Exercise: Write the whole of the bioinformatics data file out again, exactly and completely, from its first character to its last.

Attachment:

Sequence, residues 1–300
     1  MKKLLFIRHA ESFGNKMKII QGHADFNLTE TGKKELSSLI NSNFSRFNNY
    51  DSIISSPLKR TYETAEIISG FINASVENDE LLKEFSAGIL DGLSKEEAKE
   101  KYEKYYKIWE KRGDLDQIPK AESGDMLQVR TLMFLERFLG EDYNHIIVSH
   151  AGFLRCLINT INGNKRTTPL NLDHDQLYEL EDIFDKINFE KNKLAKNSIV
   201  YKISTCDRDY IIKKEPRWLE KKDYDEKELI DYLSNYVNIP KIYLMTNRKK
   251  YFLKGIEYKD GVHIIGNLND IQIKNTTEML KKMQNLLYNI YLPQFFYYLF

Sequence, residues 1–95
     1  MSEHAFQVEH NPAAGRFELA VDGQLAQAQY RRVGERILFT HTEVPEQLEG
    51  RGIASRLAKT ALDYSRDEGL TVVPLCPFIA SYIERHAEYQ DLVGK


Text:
Sequence, residues 1–300
     1  MKKLLFIRHA ESFGNKMKII QGHADFNLTE TGKKELSSLI NSNFSRFNNY
    51  DSIISSPLKR TYETAEIISG FINASVENDE LLKEFSAGIL DGLSKEEAKE
   101  KYEKYYKIWE KRGDLDQIPK AESGDMLQVR TLMFLERFLG EDYNHIIVSH
   151  AGFLRCLINT INGNKRTTPL NLDHDQLYEL EDIFDKINFE KNKLAKNSIV
   201  YKISTCDRDY IIKKEPRWLE KKDYDEKELI DYLSNYVNIP KIYLMTNRKK
   251  YFLKGIEYKD GVHIIGNLND IQIKNTTEML KKMQNLLYNI YLPQFFYYLF

Sequence, residues 1–95
     1  MSEHAFQVEH NPAAGRFELA VDGQLAQAQY RRVGERILFT HTEVPEQLEG
    51  RGIASRLAKT ALDYSRDEGL TVVPLCPFIA SYIERHAEYQ DLVGK